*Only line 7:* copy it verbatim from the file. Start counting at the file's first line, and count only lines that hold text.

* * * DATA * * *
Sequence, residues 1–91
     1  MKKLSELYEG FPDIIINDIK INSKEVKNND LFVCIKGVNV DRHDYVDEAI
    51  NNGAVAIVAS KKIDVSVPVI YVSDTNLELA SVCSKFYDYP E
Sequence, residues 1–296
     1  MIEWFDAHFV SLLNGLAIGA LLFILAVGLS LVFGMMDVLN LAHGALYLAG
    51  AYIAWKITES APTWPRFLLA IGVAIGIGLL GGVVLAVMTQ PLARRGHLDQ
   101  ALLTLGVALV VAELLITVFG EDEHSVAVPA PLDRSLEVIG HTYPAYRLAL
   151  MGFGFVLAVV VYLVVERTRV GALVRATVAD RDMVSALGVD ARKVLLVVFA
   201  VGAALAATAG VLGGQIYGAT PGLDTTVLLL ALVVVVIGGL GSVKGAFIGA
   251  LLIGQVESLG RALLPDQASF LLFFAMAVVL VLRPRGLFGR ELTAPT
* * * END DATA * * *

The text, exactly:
   101  ALLTLGVALV VAELLITVFG EDEHSVAVPA PLDRSLEVIG HTYPAYRLAL